European members of the G7 have rejected Donald Trump’s call to reinstate Russia to the group.
Prime Minister Theresa May met with the leaders of Germany, Italy and France after the US president said Russia should be allowed back “at the negotiating table”.
The decision to kick out Russia was in response to Vladimir Putin’s annexation of Crimea in 2014, which was widely denounced as a violation of Ukraine’s sovereignty.
German chancellor Angela Merkel said: “We are in agreement that a return of Russia to the G7 cannot happen unless substantial progress is made in terms of the problems with Ukraine.”
Before arriving at the summit in Quebec, Mr Trump had said: “Why are we having a meeting without Russia in the meeting?
“They should let Russia come back in because we should have Russia at the negotiating table.”
A Kremlin spokesman said they were interested in “other formats”, apart from the G7.
The summit has already been dubbed the “G6 plus one” due to Mr Trump’s isolation over trade and his decision to pull the US out of the Iran nuclear deal.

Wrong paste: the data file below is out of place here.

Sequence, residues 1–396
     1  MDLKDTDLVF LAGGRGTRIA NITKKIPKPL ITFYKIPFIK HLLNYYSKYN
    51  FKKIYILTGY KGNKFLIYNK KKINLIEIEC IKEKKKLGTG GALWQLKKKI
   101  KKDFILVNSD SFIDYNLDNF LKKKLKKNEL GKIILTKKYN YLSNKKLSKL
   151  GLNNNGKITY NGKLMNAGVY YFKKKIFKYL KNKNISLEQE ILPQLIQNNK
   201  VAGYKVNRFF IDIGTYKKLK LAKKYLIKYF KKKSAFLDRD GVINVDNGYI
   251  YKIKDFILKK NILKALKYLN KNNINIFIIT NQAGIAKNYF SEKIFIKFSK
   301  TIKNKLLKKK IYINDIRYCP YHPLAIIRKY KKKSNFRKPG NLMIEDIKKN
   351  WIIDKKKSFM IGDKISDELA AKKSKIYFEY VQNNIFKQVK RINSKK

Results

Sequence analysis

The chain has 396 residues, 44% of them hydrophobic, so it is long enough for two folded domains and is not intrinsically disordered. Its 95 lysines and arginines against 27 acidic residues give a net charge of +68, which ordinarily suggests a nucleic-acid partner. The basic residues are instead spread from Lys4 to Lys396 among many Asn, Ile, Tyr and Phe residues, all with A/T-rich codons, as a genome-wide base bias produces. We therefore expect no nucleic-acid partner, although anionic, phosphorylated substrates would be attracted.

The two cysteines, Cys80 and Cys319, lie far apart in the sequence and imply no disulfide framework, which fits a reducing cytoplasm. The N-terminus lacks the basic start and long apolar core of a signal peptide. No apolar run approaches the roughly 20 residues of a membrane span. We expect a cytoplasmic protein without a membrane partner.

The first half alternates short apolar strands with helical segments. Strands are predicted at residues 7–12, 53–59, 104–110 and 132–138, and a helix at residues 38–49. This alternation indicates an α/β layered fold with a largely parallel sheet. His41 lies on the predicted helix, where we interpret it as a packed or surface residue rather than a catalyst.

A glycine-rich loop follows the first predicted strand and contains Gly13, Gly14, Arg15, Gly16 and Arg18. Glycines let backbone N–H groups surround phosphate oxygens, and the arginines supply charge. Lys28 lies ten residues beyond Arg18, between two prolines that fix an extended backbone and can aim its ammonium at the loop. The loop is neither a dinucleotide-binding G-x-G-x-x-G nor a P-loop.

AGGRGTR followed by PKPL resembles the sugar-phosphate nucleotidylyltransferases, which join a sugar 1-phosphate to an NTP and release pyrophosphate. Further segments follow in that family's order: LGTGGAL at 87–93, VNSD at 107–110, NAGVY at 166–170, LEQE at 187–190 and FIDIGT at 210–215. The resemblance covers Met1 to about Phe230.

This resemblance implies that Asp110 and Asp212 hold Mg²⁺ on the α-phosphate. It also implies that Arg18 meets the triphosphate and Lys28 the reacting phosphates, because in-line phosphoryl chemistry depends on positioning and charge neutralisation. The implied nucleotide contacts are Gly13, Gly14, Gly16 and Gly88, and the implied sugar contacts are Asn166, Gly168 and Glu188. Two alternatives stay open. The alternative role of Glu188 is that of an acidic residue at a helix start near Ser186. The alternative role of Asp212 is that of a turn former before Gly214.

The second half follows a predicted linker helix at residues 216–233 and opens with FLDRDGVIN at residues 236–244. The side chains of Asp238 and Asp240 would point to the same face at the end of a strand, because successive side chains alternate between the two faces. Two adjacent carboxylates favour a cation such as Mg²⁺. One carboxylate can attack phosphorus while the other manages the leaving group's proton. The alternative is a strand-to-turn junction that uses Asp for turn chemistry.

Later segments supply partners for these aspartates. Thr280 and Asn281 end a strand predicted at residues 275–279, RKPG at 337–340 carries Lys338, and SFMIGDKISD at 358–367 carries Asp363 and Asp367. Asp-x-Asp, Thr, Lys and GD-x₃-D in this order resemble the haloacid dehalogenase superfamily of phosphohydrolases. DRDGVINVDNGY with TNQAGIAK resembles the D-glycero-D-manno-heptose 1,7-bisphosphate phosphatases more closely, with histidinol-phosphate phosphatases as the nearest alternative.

However all seven countries – Britain, the US, Canada, Japan, Italy, Germany and France – will agree to share information between themselves to thwart foreign meddling in elections in their countries, according to a draft summit commitment.
The draft, an apparent reference to alleged Russian meddling in foreign elections, also states the countries will work with internet service providers and social media companies to tackle the issue.
“Foreign actors seek to undermine our democratic societies and institutions, our electoral processes, our sovereignty and our security,” the G7 leaders said in the draft.
The G7 will also agree to ensure high transparency of funding for political parties and all political advertising, especially during election campaigns, according to the draft commitment.
Mrs Merkel said it was too soon to say whether leaders would issue a common communique at the summit because the leaders had not yet addressed trade and climate.
“In my view it is important that we not agree on less than we achieved last year,” she said.
Sky News US correspondent Greg Milam said it would be “pretty significant” if leaders of seven of the world’s most powerful economies failed to agree a final communique.
“Normally those statements are agreed well before the leaders arrive here and they simply sign off on that statement when they leave,” he said.
Mr Trump plans to leave the summit early and will skip G7 meetings about climate change, clean energy and ocean protection.